When a person borrows an article or an animal from a colleague without making any stipulation, the lender may require him to return it at any time. If he borrowed it for a set time, once he performs meshichah with it, he acquires it, and the owner may not compel the borrower to return it from his possession until the conclusion of the period for which it was borrowed. Indeed, even if the borrower dies, his heirs are entitled to continue using the borrowed article until the conclusion of the period for which it was lent out.

This concept can be appreciated by logical deduction. A purchaser acquires the body of the article he purchases forever in return for the money he gave. The recipient of a present acquires the body of the article he receives forever, although he did not give anything. Similarly, a renter acquires the body of an article for the sake of deriving benefit from it for a limited time in return for the money he gave. And a borrower acquires the body of an article for the sake of deriving benefit from it for a limited time without giving anything. Thus, just as the giver of a present resembles a seller in that he cannot retract his gift forever, so too, a person who lends an article resembles one who hires it out, in that he cannot retract in the midst of the term of the agreement.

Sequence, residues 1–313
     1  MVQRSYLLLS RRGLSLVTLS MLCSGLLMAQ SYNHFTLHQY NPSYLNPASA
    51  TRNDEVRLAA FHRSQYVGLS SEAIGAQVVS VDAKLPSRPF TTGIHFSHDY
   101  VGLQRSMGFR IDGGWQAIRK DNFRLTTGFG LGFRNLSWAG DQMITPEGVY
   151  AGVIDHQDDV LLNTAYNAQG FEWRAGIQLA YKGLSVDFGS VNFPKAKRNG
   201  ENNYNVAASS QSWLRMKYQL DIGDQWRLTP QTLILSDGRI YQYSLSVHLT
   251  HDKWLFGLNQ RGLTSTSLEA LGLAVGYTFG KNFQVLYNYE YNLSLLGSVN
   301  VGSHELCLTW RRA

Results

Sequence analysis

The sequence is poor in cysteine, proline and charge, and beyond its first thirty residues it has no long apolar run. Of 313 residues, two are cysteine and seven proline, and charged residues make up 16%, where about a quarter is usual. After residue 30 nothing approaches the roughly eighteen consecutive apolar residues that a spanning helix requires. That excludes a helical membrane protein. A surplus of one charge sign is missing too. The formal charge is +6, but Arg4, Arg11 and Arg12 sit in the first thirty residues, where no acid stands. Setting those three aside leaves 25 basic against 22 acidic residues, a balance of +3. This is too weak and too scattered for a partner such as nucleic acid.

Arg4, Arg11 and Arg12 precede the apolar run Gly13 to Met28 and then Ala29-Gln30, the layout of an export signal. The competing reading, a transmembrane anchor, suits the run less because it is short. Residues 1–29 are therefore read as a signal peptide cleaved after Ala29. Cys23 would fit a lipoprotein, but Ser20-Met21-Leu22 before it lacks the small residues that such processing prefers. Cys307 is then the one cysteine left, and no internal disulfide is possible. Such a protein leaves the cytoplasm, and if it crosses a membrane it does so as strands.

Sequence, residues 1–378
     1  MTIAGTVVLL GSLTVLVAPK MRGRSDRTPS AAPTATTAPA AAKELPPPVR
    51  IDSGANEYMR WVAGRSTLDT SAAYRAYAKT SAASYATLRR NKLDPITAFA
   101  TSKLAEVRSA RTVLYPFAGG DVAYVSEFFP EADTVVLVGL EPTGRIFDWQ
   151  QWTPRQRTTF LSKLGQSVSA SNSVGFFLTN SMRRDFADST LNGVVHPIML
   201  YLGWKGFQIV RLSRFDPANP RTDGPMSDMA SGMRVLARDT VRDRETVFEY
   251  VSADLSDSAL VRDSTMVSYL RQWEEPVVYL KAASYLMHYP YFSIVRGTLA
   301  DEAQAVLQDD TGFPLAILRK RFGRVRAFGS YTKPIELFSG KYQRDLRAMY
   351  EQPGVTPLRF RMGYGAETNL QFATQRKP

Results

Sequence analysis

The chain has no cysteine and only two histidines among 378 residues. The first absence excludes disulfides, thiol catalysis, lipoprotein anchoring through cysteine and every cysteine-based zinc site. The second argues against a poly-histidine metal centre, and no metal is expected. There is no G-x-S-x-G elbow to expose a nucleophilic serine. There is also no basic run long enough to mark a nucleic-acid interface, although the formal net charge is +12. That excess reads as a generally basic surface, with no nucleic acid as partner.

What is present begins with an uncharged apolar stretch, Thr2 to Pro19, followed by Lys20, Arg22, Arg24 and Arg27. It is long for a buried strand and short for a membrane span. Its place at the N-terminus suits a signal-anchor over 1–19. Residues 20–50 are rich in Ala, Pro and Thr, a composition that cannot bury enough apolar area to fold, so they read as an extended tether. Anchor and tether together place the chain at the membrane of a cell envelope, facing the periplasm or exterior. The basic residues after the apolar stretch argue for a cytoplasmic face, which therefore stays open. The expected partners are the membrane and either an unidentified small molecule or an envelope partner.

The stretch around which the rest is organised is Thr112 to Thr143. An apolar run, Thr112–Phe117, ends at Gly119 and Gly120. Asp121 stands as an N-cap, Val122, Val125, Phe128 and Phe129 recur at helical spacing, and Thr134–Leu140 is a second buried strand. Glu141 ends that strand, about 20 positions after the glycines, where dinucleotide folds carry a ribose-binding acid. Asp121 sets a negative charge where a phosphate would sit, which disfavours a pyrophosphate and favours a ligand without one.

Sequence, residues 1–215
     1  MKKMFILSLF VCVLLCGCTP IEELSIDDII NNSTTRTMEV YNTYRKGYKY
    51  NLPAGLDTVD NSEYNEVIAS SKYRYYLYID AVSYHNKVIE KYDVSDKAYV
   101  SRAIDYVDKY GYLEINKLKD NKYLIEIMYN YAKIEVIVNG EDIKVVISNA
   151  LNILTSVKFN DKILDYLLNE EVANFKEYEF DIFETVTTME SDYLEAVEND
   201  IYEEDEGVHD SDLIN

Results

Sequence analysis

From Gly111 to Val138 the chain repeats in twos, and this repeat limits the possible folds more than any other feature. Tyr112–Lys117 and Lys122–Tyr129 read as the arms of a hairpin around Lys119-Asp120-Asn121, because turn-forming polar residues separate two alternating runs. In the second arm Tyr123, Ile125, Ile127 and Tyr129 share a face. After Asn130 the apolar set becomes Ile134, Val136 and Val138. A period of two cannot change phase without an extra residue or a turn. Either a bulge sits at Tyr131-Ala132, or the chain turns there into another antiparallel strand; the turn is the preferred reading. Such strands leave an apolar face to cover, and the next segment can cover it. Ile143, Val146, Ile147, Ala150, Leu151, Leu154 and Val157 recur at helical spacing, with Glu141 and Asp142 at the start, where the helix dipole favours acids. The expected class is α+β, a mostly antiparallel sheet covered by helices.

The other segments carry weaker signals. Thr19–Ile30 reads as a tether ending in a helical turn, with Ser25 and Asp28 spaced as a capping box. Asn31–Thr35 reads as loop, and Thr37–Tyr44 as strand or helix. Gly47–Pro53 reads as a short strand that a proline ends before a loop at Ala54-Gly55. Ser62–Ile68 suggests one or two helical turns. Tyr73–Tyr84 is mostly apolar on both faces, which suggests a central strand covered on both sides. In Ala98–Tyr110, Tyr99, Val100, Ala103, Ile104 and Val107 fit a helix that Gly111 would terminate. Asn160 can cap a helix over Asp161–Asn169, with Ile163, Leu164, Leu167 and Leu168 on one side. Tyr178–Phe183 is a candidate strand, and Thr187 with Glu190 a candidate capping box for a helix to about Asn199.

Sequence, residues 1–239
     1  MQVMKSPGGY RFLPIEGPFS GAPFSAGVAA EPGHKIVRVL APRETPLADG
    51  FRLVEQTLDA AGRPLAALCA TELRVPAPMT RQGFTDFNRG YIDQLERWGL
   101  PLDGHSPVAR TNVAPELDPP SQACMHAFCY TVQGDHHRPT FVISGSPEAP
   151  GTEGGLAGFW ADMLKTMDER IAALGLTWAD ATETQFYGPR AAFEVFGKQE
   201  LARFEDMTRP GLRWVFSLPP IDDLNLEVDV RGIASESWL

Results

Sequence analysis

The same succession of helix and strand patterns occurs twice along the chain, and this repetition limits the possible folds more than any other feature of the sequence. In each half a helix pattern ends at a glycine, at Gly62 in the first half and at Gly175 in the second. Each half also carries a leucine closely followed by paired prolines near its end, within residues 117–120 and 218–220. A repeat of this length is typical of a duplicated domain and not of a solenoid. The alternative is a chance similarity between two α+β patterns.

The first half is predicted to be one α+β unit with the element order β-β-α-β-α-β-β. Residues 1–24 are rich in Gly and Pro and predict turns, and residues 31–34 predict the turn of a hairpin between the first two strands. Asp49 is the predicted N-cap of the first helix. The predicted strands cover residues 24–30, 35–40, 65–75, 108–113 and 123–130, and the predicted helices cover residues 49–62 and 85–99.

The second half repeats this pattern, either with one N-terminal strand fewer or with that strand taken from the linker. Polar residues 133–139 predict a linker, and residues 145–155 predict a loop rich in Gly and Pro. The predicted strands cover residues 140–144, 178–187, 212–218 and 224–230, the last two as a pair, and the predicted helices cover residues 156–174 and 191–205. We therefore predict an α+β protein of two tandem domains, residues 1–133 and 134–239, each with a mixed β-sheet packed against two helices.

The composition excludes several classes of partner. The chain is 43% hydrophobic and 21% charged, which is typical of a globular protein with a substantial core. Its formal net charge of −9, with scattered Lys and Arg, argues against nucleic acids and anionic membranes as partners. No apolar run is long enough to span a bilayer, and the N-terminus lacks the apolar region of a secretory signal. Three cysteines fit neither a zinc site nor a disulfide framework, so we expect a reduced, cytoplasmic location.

When a father leaves his sons a cow that he had borrowed and it dies, they are not liable for the loss its owner suffers. If they thought that it belonged to their father and they slaughtered it and ate it, they are required to pay the price of its meat at a low price. If their father left them an estate, and the borrowed cow died or was slaughtered by them, they must pay its worth from the estate.

Halacha 6

When a person borrows a utensil for the sake of performing a particular task, the person who lent it cannot force the borrower to return it from his possession until the borrower performs that task. Similarly, if he borrows an animal in order to travel to a particular place, the owner may not compel the borrower to return it until he goes to that place and returns.

Halacha 7